Falls Prevention
“In a previous study known as the FICSIT (Frailty and Injuries: Cooperative Studies of Intervention Techniques) study, we looked at the effects of tai chi, balance training and wellness education in elderly people,” Wolf said. “This study enrolled older individuals in the community who were otherwise healthy and strong, often identified as ‘robust.The results showed that tai chi reduced the incidents of multiple falls by 47.5%.”

“Practicing Tai Chi with Laddie has been transforming. His patience, insight and imaginative encouragement has brought new control, balance and calm.”

-Emily M., aged 82, Mansfield, CT


MAYO CLINIC
Tai chi hasn’t been studied scientifically until recently. Preliminary research shows that for older adults, in particular, practicing tai chi regularly may:
* Reduce anxiety and depression
* Improve balance and coordination, reducing the number of falls

* Improve sleep quality, such as staying asleep longer at night and    feeling more alert during the day

* Slow bone loss in women following menopause
* Reduce high blood pressure
* Improve cardiovascular fitness
* Relieve chronic pain
* Improve everyday physical functioning

Read More Testimonials for Starfarm Tai Chi for Seniors:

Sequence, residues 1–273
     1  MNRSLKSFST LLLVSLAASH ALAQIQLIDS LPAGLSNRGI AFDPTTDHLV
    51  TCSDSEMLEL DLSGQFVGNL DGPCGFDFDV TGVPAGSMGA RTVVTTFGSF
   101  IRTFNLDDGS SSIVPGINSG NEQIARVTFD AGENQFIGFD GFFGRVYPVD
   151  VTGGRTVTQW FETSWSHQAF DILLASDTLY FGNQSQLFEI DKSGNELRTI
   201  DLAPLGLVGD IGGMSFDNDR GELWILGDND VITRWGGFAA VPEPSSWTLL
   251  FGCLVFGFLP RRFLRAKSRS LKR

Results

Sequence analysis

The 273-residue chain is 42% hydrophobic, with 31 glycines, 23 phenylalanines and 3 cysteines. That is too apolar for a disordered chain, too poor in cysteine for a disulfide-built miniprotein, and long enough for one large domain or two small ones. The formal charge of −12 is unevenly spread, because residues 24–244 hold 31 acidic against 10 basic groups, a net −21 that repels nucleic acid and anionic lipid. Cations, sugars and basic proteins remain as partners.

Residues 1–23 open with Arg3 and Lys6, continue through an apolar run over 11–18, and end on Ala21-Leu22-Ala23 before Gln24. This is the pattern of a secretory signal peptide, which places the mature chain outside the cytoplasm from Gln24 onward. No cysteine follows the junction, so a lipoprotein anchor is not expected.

“Tai Chi helps me to relax and move my body more fluidly.”

-Trudy R. Storrs, CT age 92

“I was using 7 breathing medications before Tai Chi class. I am using no breathing meds at all.”

-Joyce T. Voluntown, CT age 61

“Balance-I am not falling anymore! Using my cane less.”

-Barbara S. Voluntown, CT age 65

“…It has helped me with relaxation, breathing, balance, joint care, stress, bliss, recreation…big difference in body movements.”

-Arline S. Thompson, CT age 67

“It has helped me with relaxation in driving. Being awareof posture and relaxation during all my activities. I enjoy it very much.”

-Agnes O Thompson, CT age 77

“Tai Chi has helped immensely to keep me moving. I have lower back problems and Tai Chi keeps my back in shape.”

-Nancy H. Dayville, CT age 72

“Tai Chi practice has helped with balance and recreation. A feeling of tiredness in the morning of session becomes one of relaxation and a new feeling of peace after the exercise.”

-Richard H. Dayville, CT age 78